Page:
Portfolio Management – Mark Thorburn of Smallcappower asks Michael Sprung for his value picks
Mark Thorburn: Welcome Michael! We understand you are a value investor.hich sectors in the market do you think represent the greatest value at this time?
Michael Sprung: Well, I think for longer term investors like our clients mostly are, we are finding more value now actually in the resource stocks which have lagged so much over the last year. We have a position where the commodities have had such a terrible year in Canada as a whole has lagged as a result.
So, I would say overall we are finding more value in energy and materials than we are anywhere else at this point in time.
Mark Thorburn: Are there any particular stocks that you like that you could tell our investor audience about?
Michael Sprung: Sure, in the energy side we like CVE) We can see that under various pricing scenarios going forward, they are going to have positive free cash flow commencing in the next year or so, and expansion of production there is going to be quite impressive and we really like the pricing on that model right at the moment. Another one that may be is a little bit more contrarian is Talisman (TLM) which of course has got new management as of over the last year and they have undergone a new strategic initiative.(
Basically whether they sell the assets in whole or in part or develop some and sell others, it’s really going to begin to surface value overtime. Now what’s holding the value down of course right at the moment is the fact that oil and gas prices have been a little bit depressed, but we believe that the parts in this case are worth much more than the whole.
Mark Thorburn: What criteria do you use when deciding whether or not to buy a particular stock?
Michael Sprung: Well, mostly what we are looking for companies that have got the financial wherewithal too, withstand a period of less than optimal conditions. So we are looking for strong balance sheets, strong management and historically we look at what is this company been capable of earning, what has been the return on equity traditionally. Whether or not they might get back to that level, we try to assess over the next business cycle as we see it under various scenarios, what is the normalized ROE going forward and what are you paying for that today, and then we compare that with what the market is asking for it and decide whether or not we think it’s a buy.
Mark Thorburn: The last time we spoke, you were concerned that North American stock markets were becoming overvalued. Do you still feel that way?
Michael Sprung: Well, we feel that way more so about the US market than we do about the Canadian. I mean we have a situation for the year today, the Canadian markets up a little over 11% on a total return basis whereas S&P 500 is close to 28%, the wrestle, the broader index is well over 30. And this has been on the face of declining commodity prices over the year which is what has held the Canadian market back.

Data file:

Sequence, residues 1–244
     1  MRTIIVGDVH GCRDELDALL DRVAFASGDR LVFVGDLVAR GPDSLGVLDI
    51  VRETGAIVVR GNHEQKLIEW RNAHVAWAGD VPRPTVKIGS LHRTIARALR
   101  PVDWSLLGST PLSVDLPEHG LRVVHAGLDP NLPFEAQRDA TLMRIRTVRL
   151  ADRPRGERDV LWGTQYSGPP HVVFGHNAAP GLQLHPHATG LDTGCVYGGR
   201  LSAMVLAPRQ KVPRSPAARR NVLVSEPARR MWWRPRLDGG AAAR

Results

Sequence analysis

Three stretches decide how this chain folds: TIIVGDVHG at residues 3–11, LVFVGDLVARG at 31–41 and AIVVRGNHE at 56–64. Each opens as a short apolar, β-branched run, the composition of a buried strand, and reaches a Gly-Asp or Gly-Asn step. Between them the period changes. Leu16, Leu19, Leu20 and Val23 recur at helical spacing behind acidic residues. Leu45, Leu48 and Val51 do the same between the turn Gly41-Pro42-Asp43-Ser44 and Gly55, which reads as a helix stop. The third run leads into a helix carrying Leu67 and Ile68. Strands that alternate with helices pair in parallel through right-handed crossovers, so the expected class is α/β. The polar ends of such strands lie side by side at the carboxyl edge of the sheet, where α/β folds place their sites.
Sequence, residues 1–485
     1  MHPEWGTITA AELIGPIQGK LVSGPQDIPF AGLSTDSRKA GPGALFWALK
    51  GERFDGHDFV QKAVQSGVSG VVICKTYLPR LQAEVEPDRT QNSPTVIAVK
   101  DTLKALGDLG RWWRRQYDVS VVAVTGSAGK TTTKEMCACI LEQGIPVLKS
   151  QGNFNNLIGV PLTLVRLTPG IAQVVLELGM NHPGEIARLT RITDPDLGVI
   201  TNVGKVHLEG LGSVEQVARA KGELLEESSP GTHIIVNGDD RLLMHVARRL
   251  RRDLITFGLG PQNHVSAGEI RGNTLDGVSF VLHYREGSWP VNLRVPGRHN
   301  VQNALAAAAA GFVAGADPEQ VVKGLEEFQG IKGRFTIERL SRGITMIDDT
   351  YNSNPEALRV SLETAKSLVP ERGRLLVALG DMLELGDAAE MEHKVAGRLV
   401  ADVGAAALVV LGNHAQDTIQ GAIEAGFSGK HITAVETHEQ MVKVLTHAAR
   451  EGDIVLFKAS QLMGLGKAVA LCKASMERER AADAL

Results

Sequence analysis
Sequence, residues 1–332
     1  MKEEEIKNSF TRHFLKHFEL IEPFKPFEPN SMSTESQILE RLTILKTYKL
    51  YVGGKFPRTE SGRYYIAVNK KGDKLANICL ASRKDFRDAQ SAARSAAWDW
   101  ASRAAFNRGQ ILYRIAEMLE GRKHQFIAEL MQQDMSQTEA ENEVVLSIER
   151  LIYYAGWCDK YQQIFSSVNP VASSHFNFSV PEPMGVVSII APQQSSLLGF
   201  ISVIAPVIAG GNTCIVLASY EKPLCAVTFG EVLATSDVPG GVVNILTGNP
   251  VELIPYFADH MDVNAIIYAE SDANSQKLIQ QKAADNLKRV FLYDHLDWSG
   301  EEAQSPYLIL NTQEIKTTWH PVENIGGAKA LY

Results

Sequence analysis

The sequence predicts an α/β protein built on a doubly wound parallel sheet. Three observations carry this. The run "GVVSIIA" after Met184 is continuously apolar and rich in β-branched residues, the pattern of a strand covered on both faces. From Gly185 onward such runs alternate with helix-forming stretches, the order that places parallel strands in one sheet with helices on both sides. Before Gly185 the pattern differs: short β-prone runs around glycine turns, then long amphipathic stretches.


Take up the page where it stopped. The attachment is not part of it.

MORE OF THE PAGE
We feel that on balance though there has been a little bit too much optimism built into the US market. The employment situation there has not improved to the extent that we think wants the market running ahead to the extent that it has.
We do believe that there are positive signs to be seen in the US in terms of gains and employment slow, better housing conditions. But overall we think that the market is certainly well ahead of where it, would be given the economy today.
Mark Thorburn: You previously mentioned that you like commodities, so which commodities do you favour?
Michael Sprung: Well, as I was saying a minute ago, we think that there is value to be head longer term in energy, outside of that we think probably you look at copper, nickel, base building commodities, there is value to be head there as well.
Mark Thorburn: So, what is your outlook for the Canadian and US economies?
Michael Sprung: Well, that depends a lot on what happens in the economy in general going forward, what we have had is a very tepid recoveries today and going forward it’s going to be a function of is there anything that’s really going to upset The applecart whether that would be a geopolitical incident or otherwise.
But you know we have seen reason for solid optimism lately. The downward slowing of growth in China seems to have obeyed it to some extent. In fact after a number of years we are beginning to see a little bit more stability in the European Market and as we are saying, we are seeing some positive signs in the US.
Now a lot of that’s been aided and abated by the low interest rate environment and the quantitative easing that has been occurring in the US. We have seen the market fear of what will happen if that quantitative easing dissipates.
But we think that generally once the economy has the legs under it to stand on its own two feet, that shouldn’t be as big of worry.
Mark Thorburn: Do you currently see better investment opportunities outside of North America?
Michael Sprung: As a matter of fact, I think that we see better investment opportunities in Canada in particular than we have seen in some time. Canada has lagged the global markets to the extent that I think pent up demand for commodities when economies begin to pick up a gain will cause the Canadian market to participate as well are better than most of the global markets.
Mark Thorburn: Thanks for taking the time for the interview, Michael.
Michael Sprung: Thank you.
View Michael’s interview with Mark Thorburn at Smallcappower
You can also view it at the Financial Post